Just some quick and timely observations today on three topics.  First, Ombudsman ADR: The 6 C’s of Sociocratic Peace Building is the most popular article on this OO Blog.  It got a big push months back from Tom K at Ombuds Blog and now John Ford, the editor at Mediate.com.  I’ve submitted this article and others “without success” to other professional organizations.  John Ford has been very “inclusive” here if you view this article in context of their “traditional” offerings.  Indeed, “dad is proud” and this article and system has received positive commentary and accolades for months now.  It’s also the top “link back” article on the OO Blog gaining broad popularity and circulation.  Take a look now as the Mediate.com home page changes frequently.

Finally, I admit it, it’s long over due and over looked by me.  Mary Greenwood is the author of How to Mediate Like a Pro a very concise book with a multitude of awards.  It features 42 good guidelines for successful mediation through negotiation.  My review here is that this book has been very valid for me, 9 months into my formal ombuds career, and my favorite rule is #5 or Mediation is not Therapy; Mediation is not legal advice.  Mary Greenwoods process is to “functionalize” negotiation into a mediation process that has relevant and broad application for all forms of “true”  ADR Mediation.  Often I get an email asking something like, “how did you decide to be an ombudsman and how do you get started?”  For many of “us” just starting our “formal” practice, this is a good first book, concise, to the point, about 75 pages total.  You can’t go wrong.

Next, most recently I’ve followed the Palin/Letterman “conflict” being played out on the commercial media.  Last night David Letterman demonstrated his true character with an open apology for a “distasteful joke” that offended Sara Palin and family.  More important, David was “very genuine” with this apology if you caught it live.  If not, it’s worth a look to find a “clip” on the Internet as, my opinion, ‘this is how it’s done’ when giving a sincere apology.  Now, will mom Palin be gracious and accepting and openly say “Thank You”?  I am a big believer in the Apology as a tool to resolution of conflicts.  Most recently the Mediation Channel has had articles and comments on this and Mary Rowe has long advocated this “technique” with years of observed success.  Now, the “Thank You”, I believe, can provide equal heart felt “reciprocal” healing or neutralizing of “hard feelings”.  My observations on life is that once I gave an apology or watched someone else give one, I hoped for “validation”, but often “we just don’t know” how it was accepted.  For me, if an “Apology” is given and genuine, I think the complainant should demonstrate their true feelings too with a “Thank You” to the offender.  How about you?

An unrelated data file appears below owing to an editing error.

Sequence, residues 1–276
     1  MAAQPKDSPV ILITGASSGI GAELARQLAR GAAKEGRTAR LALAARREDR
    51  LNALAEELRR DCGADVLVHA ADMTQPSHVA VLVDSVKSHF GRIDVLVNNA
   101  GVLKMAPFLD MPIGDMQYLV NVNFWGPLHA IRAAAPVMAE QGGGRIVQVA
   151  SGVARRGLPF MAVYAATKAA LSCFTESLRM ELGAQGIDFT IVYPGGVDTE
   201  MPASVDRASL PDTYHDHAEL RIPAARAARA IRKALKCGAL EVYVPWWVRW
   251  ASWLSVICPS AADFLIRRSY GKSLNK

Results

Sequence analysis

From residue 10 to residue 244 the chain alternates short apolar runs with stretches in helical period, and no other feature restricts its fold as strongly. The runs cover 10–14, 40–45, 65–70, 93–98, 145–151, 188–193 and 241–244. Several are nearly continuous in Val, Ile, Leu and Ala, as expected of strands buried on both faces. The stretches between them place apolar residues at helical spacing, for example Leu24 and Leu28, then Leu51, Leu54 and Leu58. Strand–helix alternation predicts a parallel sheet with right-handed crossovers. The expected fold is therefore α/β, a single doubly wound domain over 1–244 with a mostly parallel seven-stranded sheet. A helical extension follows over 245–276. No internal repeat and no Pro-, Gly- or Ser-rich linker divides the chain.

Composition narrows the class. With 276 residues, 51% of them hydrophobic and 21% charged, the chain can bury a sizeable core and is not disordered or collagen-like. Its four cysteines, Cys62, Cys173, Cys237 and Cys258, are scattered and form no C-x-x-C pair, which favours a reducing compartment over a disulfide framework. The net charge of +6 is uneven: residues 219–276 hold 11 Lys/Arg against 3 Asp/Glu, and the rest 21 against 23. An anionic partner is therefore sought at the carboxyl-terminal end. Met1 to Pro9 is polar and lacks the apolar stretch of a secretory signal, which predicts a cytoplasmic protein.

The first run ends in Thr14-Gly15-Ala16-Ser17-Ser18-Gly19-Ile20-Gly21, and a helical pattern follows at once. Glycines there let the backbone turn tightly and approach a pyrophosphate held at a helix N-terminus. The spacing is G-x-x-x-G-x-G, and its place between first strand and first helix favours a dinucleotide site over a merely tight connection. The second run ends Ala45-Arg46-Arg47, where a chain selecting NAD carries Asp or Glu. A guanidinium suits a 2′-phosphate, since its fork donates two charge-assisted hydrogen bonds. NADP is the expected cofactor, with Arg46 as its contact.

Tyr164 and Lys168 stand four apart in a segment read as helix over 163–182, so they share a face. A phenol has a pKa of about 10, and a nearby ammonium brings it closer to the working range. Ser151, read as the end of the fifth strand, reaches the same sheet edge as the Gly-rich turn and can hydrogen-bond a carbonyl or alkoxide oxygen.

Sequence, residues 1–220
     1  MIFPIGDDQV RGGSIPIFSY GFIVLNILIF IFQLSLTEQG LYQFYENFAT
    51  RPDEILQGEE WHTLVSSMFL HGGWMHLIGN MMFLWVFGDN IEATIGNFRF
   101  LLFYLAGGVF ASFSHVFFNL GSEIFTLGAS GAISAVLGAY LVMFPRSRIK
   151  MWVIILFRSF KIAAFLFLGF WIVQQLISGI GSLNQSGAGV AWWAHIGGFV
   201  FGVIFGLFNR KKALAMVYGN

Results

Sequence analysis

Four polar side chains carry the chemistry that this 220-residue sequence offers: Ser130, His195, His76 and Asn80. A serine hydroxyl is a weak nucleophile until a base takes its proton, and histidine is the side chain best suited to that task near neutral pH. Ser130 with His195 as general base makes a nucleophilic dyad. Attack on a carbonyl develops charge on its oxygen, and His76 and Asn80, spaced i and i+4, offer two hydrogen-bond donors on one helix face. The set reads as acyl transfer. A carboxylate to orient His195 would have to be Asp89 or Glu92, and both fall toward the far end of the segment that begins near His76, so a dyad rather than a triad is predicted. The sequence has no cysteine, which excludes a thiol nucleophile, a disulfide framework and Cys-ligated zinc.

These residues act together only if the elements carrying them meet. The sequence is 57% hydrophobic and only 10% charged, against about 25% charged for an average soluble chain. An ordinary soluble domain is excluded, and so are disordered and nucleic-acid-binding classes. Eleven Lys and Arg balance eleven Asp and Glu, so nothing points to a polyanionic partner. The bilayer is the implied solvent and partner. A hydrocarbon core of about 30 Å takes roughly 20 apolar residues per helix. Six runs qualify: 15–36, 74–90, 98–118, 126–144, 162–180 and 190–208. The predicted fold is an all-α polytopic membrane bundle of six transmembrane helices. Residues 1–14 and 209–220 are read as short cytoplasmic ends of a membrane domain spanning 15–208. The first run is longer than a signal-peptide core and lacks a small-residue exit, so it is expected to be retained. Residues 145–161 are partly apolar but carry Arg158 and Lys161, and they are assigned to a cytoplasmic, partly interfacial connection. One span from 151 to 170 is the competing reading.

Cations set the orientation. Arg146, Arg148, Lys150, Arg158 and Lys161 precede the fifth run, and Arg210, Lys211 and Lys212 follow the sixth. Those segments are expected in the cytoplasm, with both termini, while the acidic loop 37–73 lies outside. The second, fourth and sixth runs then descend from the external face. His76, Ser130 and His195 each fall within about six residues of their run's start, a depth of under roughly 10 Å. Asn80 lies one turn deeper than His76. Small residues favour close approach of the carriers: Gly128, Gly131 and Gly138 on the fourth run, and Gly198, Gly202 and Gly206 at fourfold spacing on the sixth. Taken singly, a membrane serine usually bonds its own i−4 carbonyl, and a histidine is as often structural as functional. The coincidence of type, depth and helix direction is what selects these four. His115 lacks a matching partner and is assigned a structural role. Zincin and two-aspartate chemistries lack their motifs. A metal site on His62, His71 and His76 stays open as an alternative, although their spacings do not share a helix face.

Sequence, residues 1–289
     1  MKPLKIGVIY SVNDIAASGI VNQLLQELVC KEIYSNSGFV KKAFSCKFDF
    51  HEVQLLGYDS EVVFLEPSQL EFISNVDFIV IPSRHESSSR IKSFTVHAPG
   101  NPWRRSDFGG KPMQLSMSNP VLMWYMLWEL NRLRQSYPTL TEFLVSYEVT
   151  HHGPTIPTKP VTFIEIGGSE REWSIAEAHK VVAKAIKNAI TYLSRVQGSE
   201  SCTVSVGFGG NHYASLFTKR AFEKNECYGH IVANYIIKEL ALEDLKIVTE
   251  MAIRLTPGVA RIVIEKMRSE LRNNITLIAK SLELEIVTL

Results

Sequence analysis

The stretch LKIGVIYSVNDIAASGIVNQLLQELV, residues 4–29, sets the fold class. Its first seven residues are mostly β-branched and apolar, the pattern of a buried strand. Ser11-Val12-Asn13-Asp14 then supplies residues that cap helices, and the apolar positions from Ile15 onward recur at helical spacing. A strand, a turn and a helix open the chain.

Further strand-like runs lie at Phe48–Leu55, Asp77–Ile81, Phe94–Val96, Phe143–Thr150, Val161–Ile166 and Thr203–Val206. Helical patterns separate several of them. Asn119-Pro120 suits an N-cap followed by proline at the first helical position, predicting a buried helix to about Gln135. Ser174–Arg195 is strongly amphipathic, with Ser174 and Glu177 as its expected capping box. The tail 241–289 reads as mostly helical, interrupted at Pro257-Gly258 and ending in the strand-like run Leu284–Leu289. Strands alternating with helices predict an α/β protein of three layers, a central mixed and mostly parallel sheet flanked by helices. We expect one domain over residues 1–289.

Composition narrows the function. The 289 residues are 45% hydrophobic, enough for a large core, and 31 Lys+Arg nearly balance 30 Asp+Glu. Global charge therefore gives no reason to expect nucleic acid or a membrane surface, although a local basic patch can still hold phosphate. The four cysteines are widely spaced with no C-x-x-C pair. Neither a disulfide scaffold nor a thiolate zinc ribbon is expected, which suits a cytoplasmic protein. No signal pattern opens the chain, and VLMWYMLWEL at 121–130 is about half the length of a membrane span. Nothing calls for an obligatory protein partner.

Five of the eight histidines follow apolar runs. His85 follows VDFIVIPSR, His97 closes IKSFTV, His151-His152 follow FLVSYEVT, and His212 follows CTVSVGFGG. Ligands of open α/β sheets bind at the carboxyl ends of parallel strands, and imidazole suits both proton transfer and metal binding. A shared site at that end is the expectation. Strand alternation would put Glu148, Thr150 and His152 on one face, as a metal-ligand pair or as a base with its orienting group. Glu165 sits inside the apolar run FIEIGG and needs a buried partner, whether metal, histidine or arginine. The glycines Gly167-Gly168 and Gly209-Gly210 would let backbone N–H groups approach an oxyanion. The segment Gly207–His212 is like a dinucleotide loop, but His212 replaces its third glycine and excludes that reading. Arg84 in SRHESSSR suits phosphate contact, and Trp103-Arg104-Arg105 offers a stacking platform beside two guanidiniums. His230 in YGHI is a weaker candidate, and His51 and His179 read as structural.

The Gordian Knot: Gay Marriage, Alternative Medicine & ADR Mediation

19 March 2009

I’ve picked just three topics, Gay Marriage, Alternative Medicine and Alternative Dispute Resolution Mediation and placed them in the Gordian Knot category of ongoing and “polarizing” modern day issues that cannot and will not ever be resolved… legally or with legislation.  I enjoy this type of debate very much and what is prompting me to write about this now is the recent “discussion” on another blog in relation to certification of mediators in the ADR, CM & Ombudsman professions.  My own “ombudsman” sword now falls on the Gordian Knot of these 3 “modern problems” while holding to the independent, neutral and impartial cornerstones of my professional “best practice”.